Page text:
Watch Dogs

Finally the eagerly anticipated game by Ubisoft got released in May 2014. Ever since they showed the game at E3 2012, this game has raised the expectations of gamers worldwide. Calling itself as the Next-Gen gaming and the graphics looking very impressive, the game had a lot of potential.

But the release of the game could not meet the expectation it created. As it is, the graphics demand for the game is high and the spec of the PC has to be able to handle it. Using NVidia GTX 680, I find some stuttering of frames during certain scenes in Ultra settings (especially during driving). I heard from friends who have played the game of experiencing similar issues with their gaming rigs making this game a demanding one in terms of hardware specification. And it still couldn’t match the quality of the demo they showed in E3 in 2012.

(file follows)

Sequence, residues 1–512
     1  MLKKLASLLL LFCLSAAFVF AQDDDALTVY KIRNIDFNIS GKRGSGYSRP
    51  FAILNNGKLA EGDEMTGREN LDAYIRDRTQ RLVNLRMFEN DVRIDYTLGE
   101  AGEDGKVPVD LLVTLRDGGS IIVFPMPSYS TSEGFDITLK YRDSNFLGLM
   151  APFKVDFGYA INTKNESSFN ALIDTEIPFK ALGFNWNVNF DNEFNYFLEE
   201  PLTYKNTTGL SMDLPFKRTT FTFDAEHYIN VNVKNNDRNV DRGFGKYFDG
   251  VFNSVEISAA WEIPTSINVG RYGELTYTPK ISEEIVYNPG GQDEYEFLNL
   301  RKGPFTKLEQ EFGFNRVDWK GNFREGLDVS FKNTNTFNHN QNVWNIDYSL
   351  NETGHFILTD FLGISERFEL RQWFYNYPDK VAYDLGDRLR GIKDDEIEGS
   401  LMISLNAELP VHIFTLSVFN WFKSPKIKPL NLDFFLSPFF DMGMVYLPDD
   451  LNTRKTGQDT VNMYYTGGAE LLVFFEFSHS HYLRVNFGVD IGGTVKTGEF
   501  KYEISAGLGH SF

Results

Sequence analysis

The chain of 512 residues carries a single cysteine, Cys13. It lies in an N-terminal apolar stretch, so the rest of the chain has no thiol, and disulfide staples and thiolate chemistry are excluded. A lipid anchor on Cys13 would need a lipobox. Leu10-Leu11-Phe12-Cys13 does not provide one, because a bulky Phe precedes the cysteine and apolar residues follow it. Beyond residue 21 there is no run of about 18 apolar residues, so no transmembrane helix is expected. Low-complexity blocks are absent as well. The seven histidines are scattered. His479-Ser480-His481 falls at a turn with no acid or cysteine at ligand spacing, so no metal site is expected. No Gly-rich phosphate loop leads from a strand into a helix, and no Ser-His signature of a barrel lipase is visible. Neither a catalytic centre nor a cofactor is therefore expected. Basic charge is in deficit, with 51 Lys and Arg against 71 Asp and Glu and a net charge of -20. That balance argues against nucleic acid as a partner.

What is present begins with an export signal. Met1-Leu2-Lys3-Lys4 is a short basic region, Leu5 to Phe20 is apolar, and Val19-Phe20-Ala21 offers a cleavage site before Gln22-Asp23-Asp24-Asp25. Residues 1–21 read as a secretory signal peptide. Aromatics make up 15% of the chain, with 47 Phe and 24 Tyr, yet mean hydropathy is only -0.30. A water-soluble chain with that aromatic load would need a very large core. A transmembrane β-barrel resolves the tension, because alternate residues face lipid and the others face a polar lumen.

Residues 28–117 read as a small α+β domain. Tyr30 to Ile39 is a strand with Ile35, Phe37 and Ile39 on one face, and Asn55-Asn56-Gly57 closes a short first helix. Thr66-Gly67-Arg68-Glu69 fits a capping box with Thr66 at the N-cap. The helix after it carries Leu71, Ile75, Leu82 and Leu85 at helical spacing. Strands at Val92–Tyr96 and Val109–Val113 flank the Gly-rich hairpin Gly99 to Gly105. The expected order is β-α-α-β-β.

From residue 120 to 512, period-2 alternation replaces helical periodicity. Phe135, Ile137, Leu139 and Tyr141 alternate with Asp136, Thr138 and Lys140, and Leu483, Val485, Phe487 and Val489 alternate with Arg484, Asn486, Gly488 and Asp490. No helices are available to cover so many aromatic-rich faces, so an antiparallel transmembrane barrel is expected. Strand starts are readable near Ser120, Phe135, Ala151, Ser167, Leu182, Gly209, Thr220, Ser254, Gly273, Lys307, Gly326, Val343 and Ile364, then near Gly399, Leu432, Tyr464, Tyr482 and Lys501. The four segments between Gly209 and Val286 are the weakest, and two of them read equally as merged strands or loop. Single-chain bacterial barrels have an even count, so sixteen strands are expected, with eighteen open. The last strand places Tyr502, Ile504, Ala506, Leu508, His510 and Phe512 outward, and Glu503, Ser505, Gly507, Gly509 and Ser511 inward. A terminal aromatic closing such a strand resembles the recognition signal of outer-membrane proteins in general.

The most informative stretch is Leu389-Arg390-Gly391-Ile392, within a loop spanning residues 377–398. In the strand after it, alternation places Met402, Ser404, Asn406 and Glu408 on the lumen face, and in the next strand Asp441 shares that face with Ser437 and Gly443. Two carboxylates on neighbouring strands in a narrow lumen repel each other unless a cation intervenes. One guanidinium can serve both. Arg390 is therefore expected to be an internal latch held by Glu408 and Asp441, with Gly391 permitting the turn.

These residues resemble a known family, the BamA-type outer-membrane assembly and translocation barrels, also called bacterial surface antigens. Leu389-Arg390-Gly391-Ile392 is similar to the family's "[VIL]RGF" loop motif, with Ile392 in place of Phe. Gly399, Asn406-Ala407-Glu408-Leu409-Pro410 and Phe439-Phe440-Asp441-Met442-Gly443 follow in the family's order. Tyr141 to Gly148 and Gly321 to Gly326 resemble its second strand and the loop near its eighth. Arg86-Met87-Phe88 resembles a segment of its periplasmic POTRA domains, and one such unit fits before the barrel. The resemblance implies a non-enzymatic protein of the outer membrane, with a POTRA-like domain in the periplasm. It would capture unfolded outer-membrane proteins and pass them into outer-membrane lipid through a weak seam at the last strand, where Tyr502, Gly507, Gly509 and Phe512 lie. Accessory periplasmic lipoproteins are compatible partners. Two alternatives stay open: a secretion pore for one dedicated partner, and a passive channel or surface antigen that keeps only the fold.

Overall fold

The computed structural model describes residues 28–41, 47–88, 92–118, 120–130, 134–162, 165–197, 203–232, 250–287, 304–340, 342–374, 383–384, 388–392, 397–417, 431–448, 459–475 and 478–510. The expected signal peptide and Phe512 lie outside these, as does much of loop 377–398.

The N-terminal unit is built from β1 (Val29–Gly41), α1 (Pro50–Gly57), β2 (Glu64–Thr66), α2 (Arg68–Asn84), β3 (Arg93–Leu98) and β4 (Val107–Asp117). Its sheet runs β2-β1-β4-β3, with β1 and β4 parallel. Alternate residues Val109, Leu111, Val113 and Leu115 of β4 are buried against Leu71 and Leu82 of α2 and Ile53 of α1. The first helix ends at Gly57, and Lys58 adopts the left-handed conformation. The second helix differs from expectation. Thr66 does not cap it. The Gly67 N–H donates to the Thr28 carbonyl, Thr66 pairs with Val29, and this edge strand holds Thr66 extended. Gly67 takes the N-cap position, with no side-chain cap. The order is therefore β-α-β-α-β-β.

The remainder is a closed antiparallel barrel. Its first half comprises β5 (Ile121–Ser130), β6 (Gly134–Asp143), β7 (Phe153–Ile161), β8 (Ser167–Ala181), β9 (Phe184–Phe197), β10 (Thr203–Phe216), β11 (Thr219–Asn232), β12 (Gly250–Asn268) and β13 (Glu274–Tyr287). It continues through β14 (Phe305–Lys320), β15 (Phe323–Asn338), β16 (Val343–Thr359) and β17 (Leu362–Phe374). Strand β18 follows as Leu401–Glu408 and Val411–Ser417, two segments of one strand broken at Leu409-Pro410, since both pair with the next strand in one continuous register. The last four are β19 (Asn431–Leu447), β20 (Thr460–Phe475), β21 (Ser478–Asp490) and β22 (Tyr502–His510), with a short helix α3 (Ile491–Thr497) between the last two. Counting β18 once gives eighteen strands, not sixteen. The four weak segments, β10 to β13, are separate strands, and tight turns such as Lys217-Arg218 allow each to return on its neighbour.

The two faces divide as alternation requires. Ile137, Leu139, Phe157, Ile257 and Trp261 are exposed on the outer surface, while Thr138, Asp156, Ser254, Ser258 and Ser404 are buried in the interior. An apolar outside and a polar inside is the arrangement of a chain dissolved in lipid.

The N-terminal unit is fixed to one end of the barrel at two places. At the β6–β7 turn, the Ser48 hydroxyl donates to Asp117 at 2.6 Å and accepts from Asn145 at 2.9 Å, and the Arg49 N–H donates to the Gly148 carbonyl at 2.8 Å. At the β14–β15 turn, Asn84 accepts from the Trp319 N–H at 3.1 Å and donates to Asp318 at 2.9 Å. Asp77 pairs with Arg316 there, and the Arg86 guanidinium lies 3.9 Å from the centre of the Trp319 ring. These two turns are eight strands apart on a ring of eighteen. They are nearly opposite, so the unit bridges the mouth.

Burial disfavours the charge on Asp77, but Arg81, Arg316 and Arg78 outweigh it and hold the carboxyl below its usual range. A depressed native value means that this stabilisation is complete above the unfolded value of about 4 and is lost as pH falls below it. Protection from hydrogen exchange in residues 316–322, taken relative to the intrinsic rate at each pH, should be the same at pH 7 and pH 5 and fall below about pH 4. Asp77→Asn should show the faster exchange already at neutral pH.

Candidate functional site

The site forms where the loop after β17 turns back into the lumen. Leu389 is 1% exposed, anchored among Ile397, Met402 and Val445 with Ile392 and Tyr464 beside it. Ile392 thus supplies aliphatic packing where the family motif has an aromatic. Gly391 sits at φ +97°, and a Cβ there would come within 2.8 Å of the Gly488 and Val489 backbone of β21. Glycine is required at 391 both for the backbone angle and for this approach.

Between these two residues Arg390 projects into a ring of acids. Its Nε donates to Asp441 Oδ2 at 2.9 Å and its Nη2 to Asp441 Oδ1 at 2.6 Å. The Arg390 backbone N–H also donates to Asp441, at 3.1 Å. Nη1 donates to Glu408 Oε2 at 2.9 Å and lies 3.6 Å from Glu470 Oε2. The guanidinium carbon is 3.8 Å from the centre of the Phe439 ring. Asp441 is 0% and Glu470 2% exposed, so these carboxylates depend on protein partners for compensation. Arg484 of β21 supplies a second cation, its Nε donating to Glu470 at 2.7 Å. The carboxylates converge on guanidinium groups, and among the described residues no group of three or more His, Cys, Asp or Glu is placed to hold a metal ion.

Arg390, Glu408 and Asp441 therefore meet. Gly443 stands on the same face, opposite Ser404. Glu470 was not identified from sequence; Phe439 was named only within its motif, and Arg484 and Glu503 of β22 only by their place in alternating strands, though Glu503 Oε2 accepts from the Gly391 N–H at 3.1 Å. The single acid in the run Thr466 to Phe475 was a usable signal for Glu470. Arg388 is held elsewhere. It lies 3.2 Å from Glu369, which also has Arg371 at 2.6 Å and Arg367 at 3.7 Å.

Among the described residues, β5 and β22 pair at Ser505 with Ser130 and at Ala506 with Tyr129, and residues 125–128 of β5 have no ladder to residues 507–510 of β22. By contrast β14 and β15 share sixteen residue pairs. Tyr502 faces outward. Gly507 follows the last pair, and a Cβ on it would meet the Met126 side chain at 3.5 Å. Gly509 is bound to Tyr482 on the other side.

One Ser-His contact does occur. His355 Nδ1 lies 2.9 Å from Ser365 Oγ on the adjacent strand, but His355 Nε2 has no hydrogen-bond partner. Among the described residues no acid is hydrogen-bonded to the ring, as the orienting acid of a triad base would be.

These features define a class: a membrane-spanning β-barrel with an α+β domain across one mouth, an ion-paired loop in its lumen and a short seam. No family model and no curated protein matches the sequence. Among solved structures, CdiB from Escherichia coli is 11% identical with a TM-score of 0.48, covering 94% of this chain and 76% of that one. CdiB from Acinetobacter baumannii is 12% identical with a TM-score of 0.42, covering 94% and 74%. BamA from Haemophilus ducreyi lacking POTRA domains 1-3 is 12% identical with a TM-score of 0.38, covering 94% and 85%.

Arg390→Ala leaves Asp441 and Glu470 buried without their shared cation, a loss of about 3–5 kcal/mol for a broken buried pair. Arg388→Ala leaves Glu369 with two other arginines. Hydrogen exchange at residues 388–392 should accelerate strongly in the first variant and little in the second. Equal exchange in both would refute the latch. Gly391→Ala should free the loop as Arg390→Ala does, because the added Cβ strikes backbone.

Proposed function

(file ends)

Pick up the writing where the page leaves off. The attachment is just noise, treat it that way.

The game itself is interesting. Hacking is a nice touch to the game in a future Chicago city where everything is recorded. We are thrown into the story of a person named Aiden Pierce who is on a revenge path against someone who murdered his family member as retribution for the hacking he had done. We slowly uncover the mystery surrounding the past and present events.

The game also has a feature called Profiler where you can identify random people in the streets who’s information you have via the Central System you have hacked. You can listen to their phone conversations, read their text messages, hack into their bank accounts and steal information you may need. But it’s not free for you to choose. The game tells you what you can/can’t do to specific person. So you can’t pick and choose whom you want to steal from. You can only choose if you want to steal or not if the game tells you that you can steal their bank account. I find that restrictive in an open world concept of this game. Why such restrictions apply is not clear.